Crisis Phase (December 10, 1959-August 25, 1966):   Government police killed 12 protesters, including Anna Kakurukaze Mungunda, in Windhoek on December 10, 1959.  The leaders of the OPO fled into exile.  The Ovamboland People’s Organization (OPO) was renamed the Southwest Africa People’s Organization (SWAPO) on April 19, 1960.  Ethiopia and Liberia filed a complaint against South Africa concerning Namibia with the International Court of Justice (ICJ) on November 4, 1960.  Elections were held in South West Africa on March 8, 1961, and the National Party of South West Party (NPSWP) won 16 out of 18 seats in the Legislative Assembly.  The United National South West Party (UNSWP) won two seats in the Legislative Assembly.  On April 7, 1961, the UN General Assembly condemned the South African government for its “attempts at assimilation” of Southwest Africa.  On December 19, 1961, the UN General Assembly dissolved the Committee on South West Africa, and established the Special Committee for South West Africa to prepare the territory for full independence.  After the establishment of its military wing, the People’s Liberation Army of Namibia (PLAN), in 1962, SWAPO received military assistance (training, weapons, and ammunition) from the Soviet Union, East Germany, Cuba, China, North Korea, Algeria, and Tanzania.  On December 14, 1962, the UN General Assembly dissolved the Special Committee for South West Africa.  On November 13, 1963, the UN General Assembly imposed voluntary military sanctions (arms embargo) and economic sanctions (petroleum embargo) against the South African government.  Elections were held in South West Africa on September 15, 1965, and the National Party of South West Party (NPSWP) won 18 out of 18 seats in the Legislative Assembly.  On July 18, 1966, the ICJ dismissed the case initiated by Ethiopia and Liberia, suggesting that Ethiopia and Liberia had no legal rights concerning Namibia.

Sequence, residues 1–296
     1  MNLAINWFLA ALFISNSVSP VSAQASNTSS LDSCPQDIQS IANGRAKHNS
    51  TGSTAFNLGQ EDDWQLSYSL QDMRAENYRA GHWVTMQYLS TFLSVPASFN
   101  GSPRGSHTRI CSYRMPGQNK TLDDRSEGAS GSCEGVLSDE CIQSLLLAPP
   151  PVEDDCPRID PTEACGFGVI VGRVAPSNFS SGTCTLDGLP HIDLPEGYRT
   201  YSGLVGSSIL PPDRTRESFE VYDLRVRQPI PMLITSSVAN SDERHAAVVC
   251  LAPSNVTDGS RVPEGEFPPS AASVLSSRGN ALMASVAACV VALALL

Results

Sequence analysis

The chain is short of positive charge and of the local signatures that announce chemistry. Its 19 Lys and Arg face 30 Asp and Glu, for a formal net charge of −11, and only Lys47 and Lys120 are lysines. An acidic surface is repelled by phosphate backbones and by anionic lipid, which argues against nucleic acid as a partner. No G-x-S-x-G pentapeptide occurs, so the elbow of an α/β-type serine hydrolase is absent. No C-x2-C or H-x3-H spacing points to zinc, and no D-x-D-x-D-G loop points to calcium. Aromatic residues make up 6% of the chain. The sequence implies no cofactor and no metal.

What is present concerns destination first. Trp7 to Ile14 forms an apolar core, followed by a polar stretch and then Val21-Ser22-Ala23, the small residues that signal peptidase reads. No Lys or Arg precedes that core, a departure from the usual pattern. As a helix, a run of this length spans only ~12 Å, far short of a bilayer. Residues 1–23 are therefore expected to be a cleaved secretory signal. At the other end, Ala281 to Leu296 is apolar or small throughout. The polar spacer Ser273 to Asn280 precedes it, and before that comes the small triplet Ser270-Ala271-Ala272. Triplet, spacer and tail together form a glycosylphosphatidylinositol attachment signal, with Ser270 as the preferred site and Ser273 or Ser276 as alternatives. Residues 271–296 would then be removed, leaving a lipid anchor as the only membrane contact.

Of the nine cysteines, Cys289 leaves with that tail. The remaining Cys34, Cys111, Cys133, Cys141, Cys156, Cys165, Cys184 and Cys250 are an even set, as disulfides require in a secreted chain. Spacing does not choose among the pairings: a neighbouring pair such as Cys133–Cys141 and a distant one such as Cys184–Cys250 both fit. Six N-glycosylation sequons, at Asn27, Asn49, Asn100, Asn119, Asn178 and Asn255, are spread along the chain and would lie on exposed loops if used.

Conflict Phase (August 26, 1966-August 8, 1988): SWAPO’s military wing, the People’s Liberation Army of Namibia (PLAN), launched a rebellion against the South African government beginning on August 26, 1966.  On October 27, 1966, the UN General Assembly terminated South Africa’s mandate over Namibia, and declared the territory to be the direct responsibility of the UN.  In the same resolution, the UN General Assembly established the Ad Hoc Committee for South West Africa to “recommend practical means by which South West Africa should be administered so as to enable the people of the Territory to exercise the right of self-determination and to achieve independence.”  On May 19, 1967, the UN General Assembly established the United Nations Council for South West Africa to “administer South West Africa until independence.”  The UN General Assembly also created the position of UN Commissioner for South West Africa.  Konstantinos Stavropoulos of Greece was appointed as acting UN Commissioner for South West Africa on June 13, 1967.  On December 16, 1967, the UN General Assembly appealed for the withdrawal of South Africa from Namibia.  On February 9, 1968, Andimba Herman Toivo Ya Toivo, founding member of the OPC and a member of SWAPO, was sentenced to 20 years imprisonment and sent to Robben Island prison near Cape Town, South Africa.  On March 12, 1969, the UN Security Council called for the immediate withdrawal of South Africa from Namibia.  The UN General Assembly condemned South Africa on October 31, 1969 and December 1, 1969.  Agha Abdul Hamid of Pakistan was appointed as acting UN Commissioner for Namibia on December 1, 1969.  The UN Security Council condemned South Africa on January 30, 1970.  Elections were held in South West Africa on April 20, 1970, and the National Party of South West Party (NPSWP) won 18 out of 18 seats in the Legislative Assembly.  The International Court of Justice (ICJ) ruled that South Africa’s administration of Namibia was illegal on June 21, 1971. The UN General Assembly provided diplomatic assistance (diplomatic recognition) to the SWAPO on December 11, 1973.  Sean MacBride of Ireland was appointed as UN Commissioner for Namibia on December 18, 1973.  Elections were held in South West Africa on April 24, 1974, and the National Party of South West Party (NPSWP) won 18 out of 18 seats in the Legislative Assembly.  On December 17, 1974, the UN Security Council demanded that South Africa withdraw its troops from Namibia.  Elections to the Legislative Council were held on January 13-17, 1975. SWAPO boycotted the elections. The UN Security Council called for UN-supervised elections in Namibia on January 30, 1975, but the proposal was rejected by the South African government.  Botswana provided diplomatic assistance (diplomatic recognition) to the SWAPO on December 2, 1975. On January 30, 1976, the UN Security Council approved a resolution, which called for the South African withdrawal from Namibia and UN-supervised elections in Namibia. The Western Contact Group (WCG), which consisted of representatives from the US, Britain, France, West Germany, and Canada, was established in April 1977. The WCG attempted to negotiate with South Africa a plan for Namibian independence along the lines of the UN Security Council framework. Martti Ahtisaari of Finland was appointed as UN Commissioner for Namibia on January 1, 1977. Organization of African Unity (OAU) foreign ministers expressed its support for SWAPO and condemned South Africa on February 28, 1978. The WCG submitted a “proposal for a settlement of the Namibian situation” to the UN Security Council on April 10, 1978 (the UN Security Council endorsed the proposal on July 27, 1978). SWAPO rebels attacked the Ruacana hydroelectric power station in Namibia on May 3, 1978. Government troops attacked SWAPO targets in southern Angola on May 4, 1978, resulting in the deaths of 12 government soldiers and some 1,000 Namibian refugees. Foreign Minister Siteke Mwale of Zambia condemned South Africa, and expressed support for SWAPO on May 6, 1978. OAU foreign ministers condemned South Africa, and appealed for the withdrawal of South African troops from Namibia on May 9, 1978. OAU foreign ministers expressed support for SWAPO on July 18, 1978, and OAU heads-of-state expressed support for SWAPO on July 22, 1978. On November 13, 1978, the UN Security Council condemned the government of South Africa for its decision to unilaterally hold elections in Namibia in December 1978.  Elections were held in South West Africa on December 4-8, 1978, and the Democratic Turnhalle Alliance (DTA) won 41 out of 50 seats in the Legislative Assembly.  South African government troops attacked SWAPO targets in southern Angola on March 6-15, 1979. UN Secretary-General Kurt Waldheim appealed for a ceasefire on March 15, 1979. The UN General Assembly imposed economic sanctions against the government of South Africa on June 1, 1979.  Non-Aligned Movement (NAM) heads-of-state expressed support for SWAPO and condemned the government of South Africa on September 8, 1979.  South African government troops attacked SWAPO targets in southern Angola on October 28, 1979.  The UN Security Council condemned the government of South Africa on November 2, 1979.  South African government troops attacked SWAPO targets in southern Angola on June 7-30, 1980. OAU foreign ministers condemned the government of South Africa on June 30, 1980. The UN General Assembly condemned the government of South Africa on March 6, 1981. OAU foreign ministers condemned South Africa’s occupation of Namibia on June 26, 1981. Some 5,000 South African troops attacked SWAPO targets in southern Angola from August 23 to September 30, 1981. Ethiopia, Ghana, and Tanzania condemned the government of South Africa on August 27, 1981. Niger condemned South Africa on August 28, 1981.  Brajesh Mishra of India was appointed as UN Commissioner for Namibia on April 1, 1982. South Africa dissolved the Namibian National Assembly on January 18, 1983. NAM heads of state expressed support for SWAPO on March 12, 1983. OAU heads-of-state condemned South Africa’s occupation of Namibia on June 12, 1983. South African troops attacked SWAPO targets in southern Angola beginning on December 6, 1983. Angola, Cape Verde, Guinea-Bissau, Mozambique, and Sao Tome & Principe condemned South Africa’s occupation of Namibia on December 19, 1983. The UN Security Council appealed for the withdrawal of South African troops from southern Angola on December 20, 1983 and January 6, 1984. Assistant Secretary of State Chester Crocker of the US and President Kaunda of Zambia mediated negotiations between South African and Angolan officials beginning on January 26, 1984, and the countries signed a ceasefire agreement on February 16, 1984. OAU heads of state condemned the South African occupation of Namibia on November 15, 1984. OAU foreign ministers condemned the South African occupation of Namibia on July 26, 1986. South African troops attacked SWAPO targets in southern Angola on November 13, 1986, resulting in the deaths of 39 SWAPO rebels and two South African government soldiers. Organization of the Islamic Conference (OIC) heads-of-state condemned South Africa’s occupation of Namibia on January 28, 1987.  Bernt Carlsson of Sweden was appointed as UN Commissioner for Namibia on July 1, 1987.  South African troops attacked SWAPO targets in southern Angola on October 3, 1987. OAU foreign ministers condemned South Africa on May 23, 1988.  South Africa and SWAPO agreed to a ceasefire on August 8, 1988. Some 20,000 individuals, including some 800 South African government soldiers, were killed during the conflict. Some 50,000 individuals were displaced during the conflict.